MIKE BARTLETT: "How I Wrote King Charles III"
"There are few stage directions in Shakespeare because the verse serves that purpose. The dramatic action of the lines is related to the physical action required. And the audience is co-opted, part of the drama: it can become a crowd, a mob, the entire English population, or, during a soliloquy, the brain of the character. So I understood that Shakespeare's verse was never concerned with any pure authorial voice, but was instead a vast multiplicity of viewpoints, a rough and tumble performance text."
RUTH GOODMAN: "How to Be a Victorian"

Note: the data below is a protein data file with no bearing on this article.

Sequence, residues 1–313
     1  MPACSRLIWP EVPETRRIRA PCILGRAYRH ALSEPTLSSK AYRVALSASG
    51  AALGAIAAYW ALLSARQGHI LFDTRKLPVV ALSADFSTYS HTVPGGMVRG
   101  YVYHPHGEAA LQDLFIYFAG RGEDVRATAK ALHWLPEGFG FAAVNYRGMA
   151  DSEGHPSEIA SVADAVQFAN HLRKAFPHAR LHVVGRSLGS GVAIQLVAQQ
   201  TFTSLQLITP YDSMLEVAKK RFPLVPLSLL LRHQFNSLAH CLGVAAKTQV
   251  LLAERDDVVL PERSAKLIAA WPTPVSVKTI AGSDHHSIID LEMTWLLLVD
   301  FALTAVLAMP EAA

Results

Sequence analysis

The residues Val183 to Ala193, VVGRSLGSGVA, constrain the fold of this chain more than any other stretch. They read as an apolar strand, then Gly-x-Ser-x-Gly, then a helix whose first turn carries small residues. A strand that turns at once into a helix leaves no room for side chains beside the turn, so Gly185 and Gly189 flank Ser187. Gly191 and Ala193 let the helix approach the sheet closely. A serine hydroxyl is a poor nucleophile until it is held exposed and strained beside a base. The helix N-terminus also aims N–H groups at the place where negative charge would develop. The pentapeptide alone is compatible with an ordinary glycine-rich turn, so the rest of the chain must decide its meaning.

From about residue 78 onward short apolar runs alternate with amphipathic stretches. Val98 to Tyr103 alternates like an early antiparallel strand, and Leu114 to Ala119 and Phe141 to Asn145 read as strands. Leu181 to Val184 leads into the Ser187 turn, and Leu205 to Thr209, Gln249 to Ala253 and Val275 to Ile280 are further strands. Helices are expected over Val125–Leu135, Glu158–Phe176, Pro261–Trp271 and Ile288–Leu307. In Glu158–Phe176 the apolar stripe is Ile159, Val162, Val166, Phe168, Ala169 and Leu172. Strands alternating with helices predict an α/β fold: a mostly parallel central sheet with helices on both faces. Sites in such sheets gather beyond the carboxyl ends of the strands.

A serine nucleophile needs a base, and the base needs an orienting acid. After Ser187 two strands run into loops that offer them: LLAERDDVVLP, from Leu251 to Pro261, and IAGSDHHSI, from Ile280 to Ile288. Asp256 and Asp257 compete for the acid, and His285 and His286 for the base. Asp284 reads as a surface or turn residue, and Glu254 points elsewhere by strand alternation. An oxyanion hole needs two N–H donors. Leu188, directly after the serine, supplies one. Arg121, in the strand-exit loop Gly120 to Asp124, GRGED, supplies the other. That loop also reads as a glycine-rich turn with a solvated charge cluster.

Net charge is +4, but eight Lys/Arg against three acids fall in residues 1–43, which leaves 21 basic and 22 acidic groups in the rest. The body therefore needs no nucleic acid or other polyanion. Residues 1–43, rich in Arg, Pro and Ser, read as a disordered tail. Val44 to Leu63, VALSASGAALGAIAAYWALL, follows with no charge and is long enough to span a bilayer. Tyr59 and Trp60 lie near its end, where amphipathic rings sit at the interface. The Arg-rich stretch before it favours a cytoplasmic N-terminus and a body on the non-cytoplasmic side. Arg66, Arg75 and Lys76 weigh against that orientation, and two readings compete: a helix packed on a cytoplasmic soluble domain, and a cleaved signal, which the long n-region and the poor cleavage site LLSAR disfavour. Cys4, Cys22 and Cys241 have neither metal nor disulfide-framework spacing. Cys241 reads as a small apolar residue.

[Goodman] is, she says, interested not in the kings and princes and politicians, “who honestly bore me a little,” but in the ordinary Victorian — “you and me.” This book is over 400 pages of you and me. If you want to understand how Victorians thought, you read Walter E. Houghton’s classic “The Victorian Frame of Mind, 1830-1870.” But if you want to know how they looked, sounded, felt and smelled, there is no better guide than this one. Goodman likes to get down in the muck — and there’s plenty of it in 19th-century Britain.
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